By Atanu Biswas
As Lizzie Wade perceived in her May 2020 article in Science magazine, inequality made historical pandemics ‘worse than they had to be’ as people on the margins suffer most. Similarly, the recent Oxfam report titled Profiting from Pain, released during the World Economic Forum’s Davos conference in May, portrayed a grim picture of the intensified global inequality due to the once-in-a-century pandemic. It says that the pandemic created a new billionaire every 30 hours, and, in 2022, a million more people will crash into extreme poverty every 33 hours. Widened global inequality, maybe in a different quantum, is also outlined in reports of other global organisations. While the fancy figures of these reports and the portrayed quantum of inequalities are always subject to further introspection and debates, and the underlying data and methodologies are often subject to concerns, there is no denying that overall global inequality was widened by Covid-19.
Various researchers argue that the direct impact of the pandemic on income distribution is closely associated with the fact that the spread of a deadly virus in a society leads to the death of a large number of workers, as poverty-stricken and low-income groups are the most vulnerable to disease. After Covid broke out, IMF’s Davide Furceri and his coauthors studied the impact of five epidemics of this century, namely SARS (2003), H1N1 (2009), MERS (2012), Ebola (2014), and Zika (2016) to observe that these events led to a rise in inequality in the countries covered by the research. Also, in a 2021 paper in SN Business & Economics, two researchers of the Huazhong University of Science and Technology, Wuhan, China, examined historical pandemics such as Spanish flu (1918-20), Asian flu (1957-58), Hong Kong flu (1968-69), and H1N1, and found that these pandemics actually widened income inequality.
Is widened inequality the ultimate effect of pandemics then? Not really! The research and historical data analyses by economists like Thomas Piketty and Guido Alfani with their coauthors show that inequality was actually levelled in Europe by at least three disastrous events in the last seven centuries—the 14th century plague, the Black Death, and the two World Wars. The Black Death is perhaps the only recorded major pandemic that led to levelling income inequality—as is observed in data from northwest Italy, Spain, and England. From 1347-1352, the Black Death killed about half of all Europeans and thus made labour scarce and real wages increase. There was an unusual abundance of property, which led to a reduction in both income and wealth inequalities.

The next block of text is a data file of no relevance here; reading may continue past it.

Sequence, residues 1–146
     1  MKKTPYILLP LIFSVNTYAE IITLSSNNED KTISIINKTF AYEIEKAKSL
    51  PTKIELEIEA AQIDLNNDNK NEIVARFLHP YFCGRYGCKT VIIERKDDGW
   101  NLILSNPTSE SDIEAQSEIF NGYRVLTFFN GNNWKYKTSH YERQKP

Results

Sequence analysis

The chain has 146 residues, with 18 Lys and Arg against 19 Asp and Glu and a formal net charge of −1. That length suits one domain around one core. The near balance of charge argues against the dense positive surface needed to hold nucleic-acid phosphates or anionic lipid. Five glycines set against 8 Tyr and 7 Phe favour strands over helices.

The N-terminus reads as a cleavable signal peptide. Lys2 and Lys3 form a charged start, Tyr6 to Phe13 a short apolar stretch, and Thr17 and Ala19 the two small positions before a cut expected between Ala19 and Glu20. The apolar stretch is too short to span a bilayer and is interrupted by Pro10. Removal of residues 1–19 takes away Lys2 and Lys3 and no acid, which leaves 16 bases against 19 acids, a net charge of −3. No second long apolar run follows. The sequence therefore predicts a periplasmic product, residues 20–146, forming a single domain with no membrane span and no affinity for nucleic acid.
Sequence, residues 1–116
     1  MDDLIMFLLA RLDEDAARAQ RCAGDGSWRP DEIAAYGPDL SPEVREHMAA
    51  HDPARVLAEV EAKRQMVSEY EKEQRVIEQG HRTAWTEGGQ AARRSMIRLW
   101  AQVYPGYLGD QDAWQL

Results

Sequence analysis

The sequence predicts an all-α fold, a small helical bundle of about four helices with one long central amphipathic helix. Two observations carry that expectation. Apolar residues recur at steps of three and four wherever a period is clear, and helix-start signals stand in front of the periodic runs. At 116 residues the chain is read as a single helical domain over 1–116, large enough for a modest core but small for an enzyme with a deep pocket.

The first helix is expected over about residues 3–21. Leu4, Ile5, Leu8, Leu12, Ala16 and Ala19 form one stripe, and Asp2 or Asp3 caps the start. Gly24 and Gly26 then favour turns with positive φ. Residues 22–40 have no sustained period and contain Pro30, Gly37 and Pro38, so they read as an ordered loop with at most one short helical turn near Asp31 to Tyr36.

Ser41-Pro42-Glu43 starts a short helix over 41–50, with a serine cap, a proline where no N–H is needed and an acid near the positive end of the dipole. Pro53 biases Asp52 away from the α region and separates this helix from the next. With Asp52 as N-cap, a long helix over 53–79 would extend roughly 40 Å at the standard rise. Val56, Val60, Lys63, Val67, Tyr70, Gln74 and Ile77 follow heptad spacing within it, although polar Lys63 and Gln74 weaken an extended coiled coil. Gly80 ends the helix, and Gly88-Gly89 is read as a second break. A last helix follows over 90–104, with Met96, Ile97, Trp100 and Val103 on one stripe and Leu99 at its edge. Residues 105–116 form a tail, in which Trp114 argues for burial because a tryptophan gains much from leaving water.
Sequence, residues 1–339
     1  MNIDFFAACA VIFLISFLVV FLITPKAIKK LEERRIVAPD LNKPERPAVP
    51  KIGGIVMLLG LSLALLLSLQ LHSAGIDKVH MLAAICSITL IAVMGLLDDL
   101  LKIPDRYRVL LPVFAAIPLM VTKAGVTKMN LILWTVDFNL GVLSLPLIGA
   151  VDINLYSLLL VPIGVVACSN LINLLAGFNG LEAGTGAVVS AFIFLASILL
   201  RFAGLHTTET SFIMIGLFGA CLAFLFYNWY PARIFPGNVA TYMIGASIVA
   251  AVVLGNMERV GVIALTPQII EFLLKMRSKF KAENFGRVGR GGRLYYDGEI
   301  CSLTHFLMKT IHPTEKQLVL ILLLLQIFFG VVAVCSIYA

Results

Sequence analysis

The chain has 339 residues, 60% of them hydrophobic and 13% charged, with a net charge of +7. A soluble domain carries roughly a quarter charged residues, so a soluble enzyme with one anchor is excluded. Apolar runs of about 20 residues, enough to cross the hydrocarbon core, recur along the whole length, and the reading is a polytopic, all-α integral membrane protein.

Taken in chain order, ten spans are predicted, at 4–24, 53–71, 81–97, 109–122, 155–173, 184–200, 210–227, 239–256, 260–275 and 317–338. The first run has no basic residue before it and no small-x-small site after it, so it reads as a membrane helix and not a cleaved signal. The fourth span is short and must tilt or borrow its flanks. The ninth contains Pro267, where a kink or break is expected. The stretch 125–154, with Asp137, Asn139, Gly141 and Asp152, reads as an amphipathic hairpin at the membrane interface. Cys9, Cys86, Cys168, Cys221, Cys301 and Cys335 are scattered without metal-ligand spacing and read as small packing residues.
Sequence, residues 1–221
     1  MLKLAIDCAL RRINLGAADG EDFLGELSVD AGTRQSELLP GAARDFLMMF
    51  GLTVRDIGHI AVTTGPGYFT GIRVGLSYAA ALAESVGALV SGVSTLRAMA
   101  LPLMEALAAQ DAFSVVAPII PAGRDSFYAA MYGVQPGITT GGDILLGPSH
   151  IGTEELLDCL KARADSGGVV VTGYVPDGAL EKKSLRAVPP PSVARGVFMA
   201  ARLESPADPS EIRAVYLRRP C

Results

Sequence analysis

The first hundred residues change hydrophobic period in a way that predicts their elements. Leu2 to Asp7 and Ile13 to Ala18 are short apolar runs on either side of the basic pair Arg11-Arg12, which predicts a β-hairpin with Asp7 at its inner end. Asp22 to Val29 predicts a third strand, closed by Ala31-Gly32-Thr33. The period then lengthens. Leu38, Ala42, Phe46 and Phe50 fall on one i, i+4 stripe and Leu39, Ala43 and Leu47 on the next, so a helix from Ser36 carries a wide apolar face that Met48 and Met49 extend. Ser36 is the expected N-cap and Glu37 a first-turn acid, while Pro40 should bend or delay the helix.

It would be absolutely wrong to postulate that pandemics, in general, have the power to (brutally) level inequality, even if the pandemic is caused by the same pathogen. Pandemics of the subsequent centuries were staged amid different institutional environments and labour market effects. The 17th-century plagues, for example, didn’t have the same economic effects as the Black Death. In fact, as pandemics became inevitable, the elite found ways to preserve their wealth and even health.
It would be important to note the effect of Spanish flu—an influenza pandemic and maybe the closest equivalent of Covid-19. Incidentally, people grossly believe that the Spanish flu led to rises in both poverty and income inequality. One serious reason is that the age curve of mortality of Spanish flu was W-shaped, meaning that the number of deaths among individuals aged 15-44 years was high. Still, one should remember that the economic legacy of the Spanish flu is quite unclear. Admittedly, its impact on inequality is largely confounded within that of World War I, and disentangling the effects of the two is just impossible. Guido Alfani, an economic historian of the Bocconi University of Milan, also noted that.
What about Covid then? As early as 2020, the above-mentioned IMF team perceived that Covid would raise inequality if past pandemics are a guide. The SN Business & Economics paper, however, argued that the characteristics of Covid-19 are such that namely fatalities are highly concentrated in older age groups and one can neither expect a labour scarcity nor a sharp decline in productivity due to the Covid pandemic. One could have possibly expected a reduction in consumption, the possibility of savings, high unemployment rates, and high public debt ratios. These authors, however, were doubtful of the ultimate effects of Covid-19 on inequality, as they thought that some of its inherent characteristics push for an increase in inequality, while others push toward narrowing the income gap.
But, as we see now, the ongoing pandemic, of course, triggered huge unemployment, especially among the poorest. The prolonged worldwide lockdown, uneven vaccine distribution, and an overall uneven Covid response that generated more yachts than boats did not help level the global income or wealth inequality, for sure. No wonder the economic recovery in many countries is K-shaped. And global inequality was possibly destined to widen in the aftermath of the Covid-19 crisis. The exact picture, though, may remain unknown.
The author is Professor of statistics, Indian Statistical Institute, Kolkata